Thrive Culture Business Affiliates

Become a Thrive Culture Business Affiliate!
Thrive Culture's mission for churches and Christ-centered organizations is to provide a framework for starting enterprises that improves sustainable income streams outside of tithes and donations.
If you lead a non-profit, you know that it can be challenging to maintain a level of giving that sustains both the internal needs of the organization and the outreach/mission needs that the organization wishes to achieve in the community (and abroad).
Instead of the pressure and focus on how many members and donations are needed to meet these expenses and goals, business ventures can establish a more predictable revenue stream that becomes the primary supply source. This places giving as the extra that is not entirely relied upon but is always welcomed.
Thrive Culture helps accomplish this in 2 ways:
  1. At Thrive Culture, we have developed, with the oversight of a leading national tax attorney, the templates for a for-profit LLC to function under the umbrella of your 501c3.
  2. Thrive Culture provides a turn-key course and coaching business you can purchase and utilize in your community.
  3. Thrive has a private Facebook community for affiliated leaders either in business or looking to start businesses. You will find support, discussion, best practices, and more here. Churches can achieve more by working together.
You may be asking yourself- why not just use Thrive Culture as a ministry instead of an LLC?
There are many benefits of starting a business instead of solely utilizing ministry for income, including the income you can derive from Thrive Culture.
Why form an LLC instead of Thrive Culture being a ministry of the church's 501c3?
Here are some reasons the LLC that has the church as its Member makes financial sense.
  1. You already have your 501c3 designation, which gives you your tax-exempt status for the donations and the ministry opportunities the church engages.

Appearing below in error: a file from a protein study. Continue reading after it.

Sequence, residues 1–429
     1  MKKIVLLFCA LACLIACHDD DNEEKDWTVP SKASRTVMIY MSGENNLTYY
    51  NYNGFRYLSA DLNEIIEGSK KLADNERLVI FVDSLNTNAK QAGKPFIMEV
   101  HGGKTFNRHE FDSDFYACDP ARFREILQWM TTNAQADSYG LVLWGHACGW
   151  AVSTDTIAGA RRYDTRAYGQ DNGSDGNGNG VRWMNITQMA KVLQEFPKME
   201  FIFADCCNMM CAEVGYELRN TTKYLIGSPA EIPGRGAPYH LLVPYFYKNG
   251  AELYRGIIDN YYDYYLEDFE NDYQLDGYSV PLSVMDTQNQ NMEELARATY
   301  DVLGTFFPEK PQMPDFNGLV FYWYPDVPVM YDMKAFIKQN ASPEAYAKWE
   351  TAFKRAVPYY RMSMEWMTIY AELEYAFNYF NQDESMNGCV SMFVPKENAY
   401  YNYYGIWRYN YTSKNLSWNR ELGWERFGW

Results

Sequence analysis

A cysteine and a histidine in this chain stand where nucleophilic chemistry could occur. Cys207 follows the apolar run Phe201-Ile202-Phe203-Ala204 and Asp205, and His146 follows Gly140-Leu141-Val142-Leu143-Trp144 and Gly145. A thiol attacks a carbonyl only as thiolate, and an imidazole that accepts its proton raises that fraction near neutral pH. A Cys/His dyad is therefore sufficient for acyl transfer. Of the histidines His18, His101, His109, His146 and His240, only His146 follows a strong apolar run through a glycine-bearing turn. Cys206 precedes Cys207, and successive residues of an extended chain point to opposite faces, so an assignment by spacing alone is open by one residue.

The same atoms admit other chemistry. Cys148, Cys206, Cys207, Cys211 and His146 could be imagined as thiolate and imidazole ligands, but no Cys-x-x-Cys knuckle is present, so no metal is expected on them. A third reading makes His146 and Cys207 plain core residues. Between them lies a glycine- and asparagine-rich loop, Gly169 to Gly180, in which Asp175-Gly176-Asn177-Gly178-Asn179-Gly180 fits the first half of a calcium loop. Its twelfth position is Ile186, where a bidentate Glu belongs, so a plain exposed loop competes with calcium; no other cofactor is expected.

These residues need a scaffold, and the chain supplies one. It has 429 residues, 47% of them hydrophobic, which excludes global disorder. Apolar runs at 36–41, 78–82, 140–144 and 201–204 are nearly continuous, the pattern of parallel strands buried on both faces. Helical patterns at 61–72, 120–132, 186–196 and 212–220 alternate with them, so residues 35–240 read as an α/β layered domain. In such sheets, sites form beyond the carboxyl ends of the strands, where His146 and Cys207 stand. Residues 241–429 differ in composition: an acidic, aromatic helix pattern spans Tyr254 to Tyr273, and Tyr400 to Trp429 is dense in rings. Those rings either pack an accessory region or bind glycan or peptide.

2. The LLC operates essentially as a corporation, sole proprietorship, and partnership all in one. An LLC affords its members limited liability as they cannot be personally liable for the company's debts.
  3. While LLCs are not awarded the same tax benefits as a non-profit, limitations on a non-profit's spending abilities do not apply to an LLC. In addition, a non-profit has restrictions on political speech that an LLC does not.
  4. The other distinction between an LLC and a non-profit is the economic purpose of establishing it. The primary purpose of any non-profit is to provide a service to the general public, whereas forming an LLC is to earn profit for its members.
  5. Operating an LLC is relatively simple, with very little required paperwork and limitations.
  6. However, a non-profit generally faces an uphill battle when attempting to register within the state where it operates, which will include a lot of paperwork and proof that it will operate to serve the needs of the public.
  7. Furthermore, non-profits must ensure that the earnings distributions do not go to any shareholders or employees.
  8. The LLC has the church as its Member and appoints individuals to run the LLC and report to the Member.
  9. The CEOs of the LLC determine how the LLC pays the Member dividends. These are taxable to the Member.
  10. The LLC CAN distribute earnings to the Member and other employees
  11. The LLC can secure business loans and repay with interest.
  12. The LLC can also be a part of local business organizations working in the local community, opening doors for evangelism and shaping the local business culture.
  13. The LLC can start enterprises that compete with other businesses. A non-profit can not engage in business enterprises because of its tax-exempt status.
With these opportunities, the church can start multiple LLCs with the church as its Member. These businesses open the door for income streams that can provide cash flow to the projects of the Member (your church).
If you are interested in hearing more or becoming a business partner of Thrive, please get in touch with Robert Muncy at